La Ruta 40—now and 9,000 years ago

You may be familiar with Highway 50 in Nevada—it is the slow road going east–west. A book about this road is titled “The Loneliest Road in America”. It gives a mile by mile description of features along the way (ghost towns, sand dunes, gold mines, etc.). For La Ruta 40 in Argentina, this would be a boring book indeed!

Travel along the eastern edge of the Andes is difficult—just ask any of the students who traveled with me in a circum-Andes trip in 2008. The >1000 kilometers (>600 miles) between El Chaltén (50 degrees latitude) and Bariloche (41 degrees latitude) is noteworthy because it separates two popular tourist destinations. Hence, the infamous Ruta 40. No regular buses ply this route because much of it is still gravel. But one company has found a niche by providing service every other day—it takes two very long days of continuous travel to make the trip and is the stuff of legends for those who have done it. Services are basic. The photo below is a bathroom stop. It reminded me of field trips—men on one side of the road, women on the other—but clearly most people aren’t used to doing their business in public this way!


The drivers are very informal. Of great importance is the continuous drinking of mate, so as soon as the bus stops, one of the drivers is immediately heating more hot water for their thermos! On the second day, a “coordinator” provided comic relief and went around to all of the seats asking passengers about their plans and providing them with suggestions.


Here is the view from the bus, through the front window. It is very flat in all directions on most parts of the Patagonian steppe.


So we were reminded a lot of Nevada. Not only because of the lonely road, but also because of the dry climate in the rain shadow of a large mountain range and because of volcanic rock formed from extension east of the main cordillera. Fortunately, we found a small local tourist company that took us on a 2-day tour of the area, mid way, to explore the amazing geology of the region and to break up the grind of La Ruta 40.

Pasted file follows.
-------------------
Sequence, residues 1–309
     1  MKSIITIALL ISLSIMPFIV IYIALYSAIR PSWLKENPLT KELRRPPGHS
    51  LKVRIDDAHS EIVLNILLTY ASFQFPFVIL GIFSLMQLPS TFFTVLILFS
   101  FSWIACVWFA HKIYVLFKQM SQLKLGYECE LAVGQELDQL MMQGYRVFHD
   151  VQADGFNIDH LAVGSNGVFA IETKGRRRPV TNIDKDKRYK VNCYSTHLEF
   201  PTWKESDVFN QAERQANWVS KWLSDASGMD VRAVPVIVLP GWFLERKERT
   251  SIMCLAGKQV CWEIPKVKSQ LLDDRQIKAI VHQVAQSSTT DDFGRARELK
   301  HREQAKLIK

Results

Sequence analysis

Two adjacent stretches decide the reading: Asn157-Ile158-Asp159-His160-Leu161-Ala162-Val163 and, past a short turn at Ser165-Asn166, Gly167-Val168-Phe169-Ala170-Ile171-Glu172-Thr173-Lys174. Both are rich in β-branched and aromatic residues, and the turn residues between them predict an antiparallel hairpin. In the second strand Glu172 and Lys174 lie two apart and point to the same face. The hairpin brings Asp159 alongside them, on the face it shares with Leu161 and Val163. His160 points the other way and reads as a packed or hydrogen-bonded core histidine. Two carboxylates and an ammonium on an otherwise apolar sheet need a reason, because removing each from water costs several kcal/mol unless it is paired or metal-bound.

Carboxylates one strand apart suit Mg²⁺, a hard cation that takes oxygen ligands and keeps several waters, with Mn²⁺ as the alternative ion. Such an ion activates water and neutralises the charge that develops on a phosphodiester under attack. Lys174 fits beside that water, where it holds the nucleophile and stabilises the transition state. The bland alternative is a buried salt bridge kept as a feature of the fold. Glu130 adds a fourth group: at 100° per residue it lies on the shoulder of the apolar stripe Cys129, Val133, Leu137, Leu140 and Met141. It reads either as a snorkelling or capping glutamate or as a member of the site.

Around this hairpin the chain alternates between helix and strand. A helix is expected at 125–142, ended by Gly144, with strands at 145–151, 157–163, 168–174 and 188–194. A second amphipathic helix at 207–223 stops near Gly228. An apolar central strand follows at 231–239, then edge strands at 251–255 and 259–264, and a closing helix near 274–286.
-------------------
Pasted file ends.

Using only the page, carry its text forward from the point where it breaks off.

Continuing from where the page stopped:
We saw a lot of really cool rocks!! I’ll save those details for the guide book and focus on the rocks that would appeal to almost anyone—the rocks with 9,000-year-old art on them. The only thing that is known about this ancient aboriginal people is their art, which has managed to be well preserved through the years in this arid climate. The location, near the town of Perito Moreno about halfway between El Chaltén and Bariloche, is called Cueva de las Manos (cave of the hands).

They aren’t caves in a strict sense. Rather, they are overhangs of rocks formed because a less-resistant layer of volcanic rock eroded away beneath a very thick, more resistant layer above. The art is on the vertical walls beneath the overhand shown in this photo.


When the aboriginal people lived in this area, they followed the route of the guanacos, the camelid species related to the llama that is so common in this region, and that was essential to the life of the native people who used every part of the animal. In the art work below, there are many guanacos and also the native hunters who are surrounding the animals.


But what has really captured the world’s attention (it was declared a Patrimonial Cultural de la Humanidad UNESCO site in the 1990s) is the hand prints that are unique to this location. They are done as negatives—that is, they “sprayed” paint around their hands to make the print. It is thought that their method of spray was to blow rock powder of different colors using a bone or just their mouths. The black color is manganese oxide and ground charcoal that provided enough material for radiocarbon dating (to know that the site is 9,000 years old).


Archeologists have puzzled over the meaning of the hands, but the interpretations will always be speculative. One thing that is not mysterious is why the people chose to hang out and do their art work here. It is a beautiful canyon carved into volcanic rock that is an oasis in the surrounding desert (the rock is ignimbrite or ash-flow tuff for those who care about these things). Jay says it looks a lot like the area of SE Oregon / SW Idaho / NW Nevada where he did field work for the U.S. Geological Survey in the 1980s.


Speaking of critters (human or otherwise) we finally saw several armadillos roaming above their burrows. These are small ones that are here called “piches”—they are much different than those huge Texas varieties).


Here also is a photo of our favorite fossil so far—a complete crab from the Mesozoic. This is certainly a successful design as the form they take has changed little over so many millions of years. We did not see it “in situ” but it was collected by the owner of a hospedaje (small family place for lodging) where we stayed. We are sworn to secrecy about the location!


Finally, another photo of the rock art. This one is what the archeologists call the “third period”, when the art became more abstract (circles and zig zags). I think the hands were like their signature—a mark that said “we were here”. What do you think?


Postscript—Internet connections along La Ruta 40 were poor. Hence, the paucity of postings.

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